• Splittable antenna
  • USB – 1x micro USB port for power and programming
  • I/O – 20x through holes with access to serial (UART), I2C, SPI, 4x ADC inputs, IRQ, Boot and Reset, and power pins. (2x pin header that you can solder are provided)
  • Misc – Reset and bootloader enable push-buttons, 2x LEDs.
  • Power Supply – 5V USB, 3.6-6V or 3.3V supply
  • Dimensions – 35x100mm

The board can be programmed using mbed.org online compiler, high level C/C++ SDK, as well as libraries and projects. I’d like to point out that AppNearMe has been working on NFC and mbed for a while, as I wrote about an mbed platform using their uNFC stack back in 2012.

micronfcboard_smartphone

The three main NFC modes can be handled with the board using the provided API:

  • Tag reading/writing (types 1, 2, 3 and 4) – Used to communicate with passive NFC tags
  • Peer-to-peer (Android Beam/SNEP) – To send and receive messages over NFC.
  • Tag emulation (type 4) – Emulates a NFC tag that you can read with your NFC enabled smartphone for example.

The software also allows you to decode in NDEF (NFC Data Exchange Format) including URL/URI, text, Bluetooth pairing info, and MIME Type + data.

MicroNFCBoard can be used in standalone mode, or can be connected to Arduino via SPI, and other platforms (ARM development boards, PC/Mac) via USB using a Python library for programming. The board will be fully open source with the company releasing the board firmware, and hardware designed files.

Some practical examples include a robot piloted with NFC tags, a Youtube video transferred from an Android phone to a Raspberry Pi via NFC, a mood lamp demo, or light and temperature data in real-time with an Android phone. The video below shows how it’s possible to have different users login to the Raspberry Pi board with their own NFC tag, or their smartphone.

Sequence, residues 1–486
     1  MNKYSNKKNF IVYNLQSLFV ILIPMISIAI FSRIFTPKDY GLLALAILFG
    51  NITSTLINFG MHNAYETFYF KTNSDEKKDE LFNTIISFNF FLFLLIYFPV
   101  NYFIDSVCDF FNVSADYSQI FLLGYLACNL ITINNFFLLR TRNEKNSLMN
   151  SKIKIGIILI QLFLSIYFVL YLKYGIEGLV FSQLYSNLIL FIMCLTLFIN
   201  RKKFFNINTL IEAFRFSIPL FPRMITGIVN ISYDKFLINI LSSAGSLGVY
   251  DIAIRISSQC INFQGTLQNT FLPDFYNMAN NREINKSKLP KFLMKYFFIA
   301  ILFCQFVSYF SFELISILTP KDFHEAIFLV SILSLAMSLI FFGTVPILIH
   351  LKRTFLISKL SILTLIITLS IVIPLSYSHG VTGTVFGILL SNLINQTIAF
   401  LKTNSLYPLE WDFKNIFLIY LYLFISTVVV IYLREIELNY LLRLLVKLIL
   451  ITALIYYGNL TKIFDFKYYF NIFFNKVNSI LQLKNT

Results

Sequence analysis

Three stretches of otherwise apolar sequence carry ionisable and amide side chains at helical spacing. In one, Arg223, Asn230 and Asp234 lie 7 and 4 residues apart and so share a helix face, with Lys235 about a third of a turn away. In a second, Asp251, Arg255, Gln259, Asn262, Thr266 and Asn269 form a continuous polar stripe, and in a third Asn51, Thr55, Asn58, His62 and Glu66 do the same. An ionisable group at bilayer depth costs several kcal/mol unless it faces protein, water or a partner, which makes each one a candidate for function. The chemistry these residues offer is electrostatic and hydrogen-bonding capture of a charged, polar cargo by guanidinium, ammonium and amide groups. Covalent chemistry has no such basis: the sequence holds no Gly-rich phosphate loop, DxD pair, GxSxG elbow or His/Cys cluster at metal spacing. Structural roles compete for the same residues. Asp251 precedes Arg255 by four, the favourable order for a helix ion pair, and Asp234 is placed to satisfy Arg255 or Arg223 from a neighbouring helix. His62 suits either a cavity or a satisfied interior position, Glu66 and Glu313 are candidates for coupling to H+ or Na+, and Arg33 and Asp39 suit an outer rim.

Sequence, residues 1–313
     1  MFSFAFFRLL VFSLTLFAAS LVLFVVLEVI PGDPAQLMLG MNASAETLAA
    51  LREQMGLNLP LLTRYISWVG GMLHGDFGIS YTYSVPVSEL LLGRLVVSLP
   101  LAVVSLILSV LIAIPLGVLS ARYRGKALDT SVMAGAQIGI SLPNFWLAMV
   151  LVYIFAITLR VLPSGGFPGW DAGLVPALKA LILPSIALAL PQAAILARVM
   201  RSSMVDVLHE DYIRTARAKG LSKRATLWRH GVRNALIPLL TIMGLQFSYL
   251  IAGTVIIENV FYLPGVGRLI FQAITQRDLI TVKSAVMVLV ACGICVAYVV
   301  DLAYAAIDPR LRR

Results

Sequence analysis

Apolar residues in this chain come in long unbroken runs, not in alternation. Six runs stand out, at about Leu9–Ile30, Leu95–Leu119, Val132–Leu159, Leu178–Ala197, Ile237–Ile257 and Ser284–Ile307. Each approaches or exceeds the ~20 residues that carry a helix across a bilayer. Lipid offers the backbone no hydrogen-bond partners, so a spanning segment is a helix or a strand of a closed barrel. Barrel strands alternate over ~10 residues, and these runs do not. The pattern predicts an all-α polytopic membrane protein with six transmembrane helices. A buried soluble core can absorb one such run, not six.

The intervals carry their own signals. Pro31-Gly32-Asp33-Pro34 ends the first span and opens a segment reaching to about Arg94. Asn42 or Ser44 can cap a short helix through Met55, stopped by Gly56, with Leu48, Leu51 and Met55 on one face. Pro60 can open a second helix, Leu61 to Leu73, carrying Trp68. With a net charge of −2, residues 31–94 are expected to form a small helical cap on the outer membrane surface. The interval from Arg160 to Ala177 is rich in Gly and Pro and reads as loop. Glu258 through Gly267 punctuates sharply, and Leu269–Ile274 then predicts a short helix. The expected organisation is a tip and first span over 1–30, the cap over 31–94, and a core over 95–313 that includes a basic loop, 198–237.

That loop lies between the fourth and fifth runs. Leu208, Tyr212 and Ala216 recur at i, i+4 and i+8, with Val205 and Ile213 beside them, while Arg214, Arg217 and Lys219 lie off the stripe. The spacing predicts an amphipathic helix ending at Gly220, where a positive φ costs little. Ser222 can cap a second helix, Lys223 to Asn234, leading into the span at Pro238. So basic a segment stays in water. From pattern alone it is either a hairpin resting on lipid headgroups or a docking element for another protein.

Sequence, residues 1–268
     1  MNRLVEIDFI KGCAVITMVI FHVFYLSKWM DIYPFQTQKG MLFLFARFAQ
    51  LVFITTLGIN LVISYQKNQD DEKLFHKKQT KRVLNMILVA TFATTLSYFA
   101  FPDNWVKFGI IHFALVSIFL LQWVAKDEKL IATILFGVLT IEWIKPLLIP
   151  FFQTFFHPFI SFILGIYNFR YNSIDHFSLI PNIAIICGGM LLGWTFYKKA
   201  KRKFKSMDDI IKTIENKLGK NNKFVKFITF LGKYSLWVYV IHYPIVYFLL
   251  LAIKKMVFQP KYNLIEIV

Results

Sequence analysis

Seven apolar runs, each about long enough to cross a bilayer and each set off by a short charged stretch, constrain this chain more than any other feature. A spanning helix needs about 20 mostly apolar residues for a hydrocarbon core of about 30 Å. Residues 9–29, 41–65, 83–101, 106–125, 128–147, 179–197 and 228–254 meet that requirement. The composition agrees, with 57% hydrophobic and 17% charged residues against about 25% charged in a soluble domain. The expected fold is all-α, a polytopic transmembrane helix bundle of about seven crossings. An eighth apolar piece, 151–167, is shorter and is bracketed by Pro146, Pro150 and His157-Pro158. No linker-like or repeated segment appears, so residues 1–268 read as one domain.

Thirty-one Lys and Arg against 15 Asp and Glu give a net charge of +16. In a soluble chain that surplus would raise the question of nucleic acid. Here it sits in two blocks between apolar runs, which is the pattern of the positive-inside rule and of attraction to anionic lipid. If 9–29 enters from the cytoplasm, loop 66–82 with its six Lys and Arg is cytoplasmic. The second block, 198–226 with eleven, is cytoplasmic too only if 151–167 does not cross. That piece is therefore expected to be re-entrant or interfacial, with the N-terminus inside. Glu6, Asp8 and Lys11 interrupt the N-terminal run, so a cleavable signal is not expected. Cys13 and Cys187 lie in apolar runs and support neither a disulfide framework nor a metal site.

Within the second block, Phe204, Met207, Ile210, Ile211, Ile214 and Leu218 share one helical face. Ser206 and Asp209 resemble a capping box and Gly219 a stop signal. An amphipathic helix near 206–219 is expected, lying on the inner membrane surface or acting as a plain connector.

The company has launched a Kickstarter campaign to fund mass production of the board with 20,000 GBP. The early bird perk start at 30 GBP (~$51.5) to get MicroNFCBoard, after which it will be 40 GBP (~$68.5). Other perks with NFC tags, sensors, multiple MicroNFCBoards, the mood lamp, etc.. are also available. The boards are expected to ship on October 2014.

Via Intorobotics

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Texas Instruments Announces Sitara AM437x Cortex A9 SoCs and Evaluation Modules

July 2nd, 2014 5 comments

Texas_Instruments_Sitara_AM437xThe first time I heard about Texas Instruments Sitara AM437x was via a TechNexion EDM-CT-AM437x system-on-module back in 2012, but Texas Instruments Sitara Cortex A9 processors development seems to have dragged a little longer than expected. Nevertheless, the company has now formally announced their Sitara AM437x ARM Cortex A9 SoC targeting automation, IoT gateways, and other industrial applications, and featuring four PRUs (Programmable Real-time Units), and support for dual camera for terminals with bar code scanning.

At launch there will be four AM437xprocessors: AM4376, AM4377, AM4378, and AM4379. The processors will all be based on a single Cortex A9 core  @ 800 to 1000 MHz with 64KB SRAM shared with 32KB data cache and 32KB programmable cache, 256 KB L2 and L3 caches, a 32-bit memory interface supporting LPDDR2, DDR3, and DDR3L, a 2-port Gigabit Ethernet switch , two USB 2.0 OTG + PHY and the following other interfaces: